Real Talk: Post-traumatic Stress Disorder
Do you know what post-traumatic stress disorder is and what are its symptoms? Today on our blog, we will explain what it is, how it develops, and the symptoms experienced by people who suffer from it.
Post-traumatic stress disorder (PTSD) is a mental health condition that can develop after a person has experienced or witnessed a traumatic event, such as a natural disaster, a serious accident, a terrorist act, participation in war / combat, physical or sexual assault or other events that may endanger life. People with this disorder may have intense and long-lasting feelings of stress and fear, which can make it difficult for them to lead a normal life.
PTSD symptoms can include nightmares, and intense anxiety, as well as feelings of guilt, shame, or depression. These symptoms can make it difficult for people with PTSD to continue to socialize, work, carry out their daily activities, or even want to leave the house.
PTSD symptoms can be divided into four main categories:
- Re-experiencing the traumatic event: This includes nightmares, memories of the event in the form of intrusive images, and intense feelings of distress when recalling the traumatic event. People with PTSD can also have physical reactions, such as trouble breathing, cold sweats, and rapid heartbeat, among others.
- Avoidance symptoms: People with PTSD may try to avoid anything that reminds them of the traumatic event, including people, places, and activities. They may also avoid talking about the event, thinking about it, or reflecting on how they feel.
- Hyperarousal symptoms: These types of symptoms include having trouble sleeping, feeling irritable or nervous, and having trouble concentrating. People may also be easily startled or feel on their toes all the time.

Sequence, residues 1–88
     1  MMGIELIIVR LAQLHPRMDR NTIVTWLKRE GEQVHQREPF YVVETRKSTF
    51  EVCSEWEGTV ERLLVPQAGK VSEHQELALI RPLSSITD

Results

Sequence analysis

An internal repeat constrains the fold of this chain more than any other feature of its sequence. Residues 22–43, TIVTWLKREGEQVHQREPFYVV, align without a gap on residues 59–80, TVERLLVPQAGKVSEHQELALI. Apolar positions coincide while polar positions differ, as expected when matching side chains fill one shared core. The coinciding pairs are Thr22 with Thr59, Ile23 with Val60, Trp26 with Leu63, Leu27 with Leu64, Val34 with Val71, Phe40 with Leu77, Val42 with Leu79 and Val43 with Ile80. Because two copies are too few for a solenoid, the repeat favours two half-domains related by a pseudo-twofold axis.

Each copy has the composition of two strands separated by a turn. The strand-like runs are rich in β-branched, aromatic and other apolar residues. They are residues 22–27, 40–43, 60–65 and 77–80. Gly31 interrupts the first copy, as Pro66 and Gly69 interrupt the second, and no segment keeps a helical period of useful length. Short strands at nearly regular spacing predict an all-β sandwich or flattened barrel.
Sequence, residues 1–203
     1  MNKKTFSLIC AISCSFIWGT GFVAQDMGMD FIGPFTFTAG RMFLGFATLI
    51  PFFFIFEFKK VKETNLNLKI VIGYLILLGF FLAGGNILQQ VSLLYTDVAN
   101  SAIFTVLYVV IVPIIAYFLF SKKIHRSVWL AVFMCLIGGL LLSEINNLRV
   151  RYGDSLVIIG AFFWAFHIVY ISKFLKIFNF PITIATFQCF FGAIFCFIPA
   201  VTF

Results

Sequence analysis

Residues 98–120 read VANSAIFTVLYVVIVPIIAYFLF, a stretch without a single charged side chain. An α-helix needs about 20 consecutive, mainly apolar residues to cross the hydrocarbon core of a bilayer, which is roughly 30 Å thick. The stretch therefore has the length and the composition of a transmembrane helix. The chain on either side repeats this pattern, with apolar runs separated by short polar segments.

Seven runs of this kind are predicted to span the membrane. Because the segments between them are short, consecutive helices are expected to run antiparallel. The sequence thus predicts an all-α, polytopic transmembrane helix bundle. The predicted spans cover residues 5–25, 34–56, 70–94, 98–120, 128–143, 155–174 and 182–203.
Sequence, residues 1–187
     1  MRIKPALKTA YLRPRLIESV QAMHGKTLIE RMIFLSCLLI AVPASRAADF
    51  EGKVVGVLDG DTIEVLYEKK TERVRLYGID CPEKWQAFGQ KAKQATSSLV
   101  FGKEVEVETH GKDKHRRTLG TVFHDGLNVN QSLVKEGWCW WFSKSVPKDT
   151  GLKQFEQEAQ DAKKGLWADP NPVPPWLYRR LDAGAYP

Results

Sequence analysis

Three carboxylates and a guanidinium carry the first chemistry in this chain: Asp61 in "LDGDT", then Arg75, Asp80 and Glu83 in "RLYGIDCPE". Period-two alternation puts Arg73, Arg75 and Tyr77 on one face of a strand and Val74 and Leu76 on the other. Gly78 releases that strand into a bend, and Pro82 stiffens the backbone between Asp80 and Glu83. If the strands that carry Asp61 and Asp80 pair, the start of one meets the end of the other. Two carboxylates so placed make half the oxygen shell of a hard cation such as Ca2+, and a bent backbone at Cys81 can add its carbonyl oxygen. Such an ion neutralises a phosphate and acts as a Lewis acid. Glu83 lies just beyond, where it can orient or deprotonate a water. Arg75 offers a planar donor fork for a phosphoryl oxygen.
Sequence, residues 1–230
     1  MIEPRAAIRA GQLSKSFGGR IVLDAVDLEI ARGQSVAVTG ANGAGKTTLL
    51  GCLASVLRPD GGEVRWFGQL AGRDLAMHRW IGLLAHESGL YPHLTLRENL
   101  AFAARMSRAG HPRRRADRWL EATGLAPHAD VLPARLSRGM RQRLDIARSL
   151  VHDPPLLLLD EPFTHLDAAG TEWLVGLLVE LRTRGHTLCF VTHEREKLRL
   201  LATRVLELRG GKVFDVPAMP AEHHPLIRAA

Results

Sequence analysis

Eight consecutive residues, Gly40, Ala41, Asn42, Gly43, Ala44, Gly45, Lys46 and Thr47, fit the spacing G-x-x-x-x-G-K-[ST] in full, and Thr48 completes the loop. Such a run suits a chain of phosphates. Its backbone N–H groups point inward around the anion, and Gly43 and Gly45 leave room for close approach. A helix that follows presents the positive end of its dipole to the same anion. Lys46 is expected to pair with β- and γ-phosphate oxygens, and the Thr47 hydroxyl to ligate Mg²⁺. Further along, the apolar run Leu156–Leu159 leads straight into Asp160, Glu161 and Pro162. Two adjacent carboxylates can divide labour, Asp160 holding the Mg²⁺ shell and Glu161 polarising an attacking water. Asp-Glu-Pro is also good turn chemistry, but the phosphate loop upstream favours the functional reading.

- Negative changes in mood and cognition: PTSD can cause feelings of guilt, shame, or depression, as well as a loss of interest in activities that the person once enjoyed. It can also lead to negative changes in self-perception and self-blame, and a feeling of negativity towards the future.
Although PTSD is associated with war veterans, the reality is that it can affect anyone who has experienced a traumatic event. It is a common condition that affects approximately 3.5% of the US population.
There are different types of treatment for PTSD, including medication, therapy, and support groups. Medications such as antidepressants and anti-anxiety medications can help reduce symptoms, but they do not cure the condition. Therapy, on the other hand, can be very effective in treating this disorder.
It is important to note that PTSD is not a sign of weakness, it is a normal response to an abnormal event. Symptoms may not appear immediately after the traumatic event and may develop gradually over time. Some people may experience symptoms for a few months, while others may have symptoms for years. Seeking help is an important step toward recovery and can take time and patience.
If you or a loved one is experiencing difficulties after being involved in a traumatic event, reach out to us. At AMR Therapy and Support Services we have therapists who can help you develop a treatment plan that is right for you. Don’t wait any longer and schedule an appointment.
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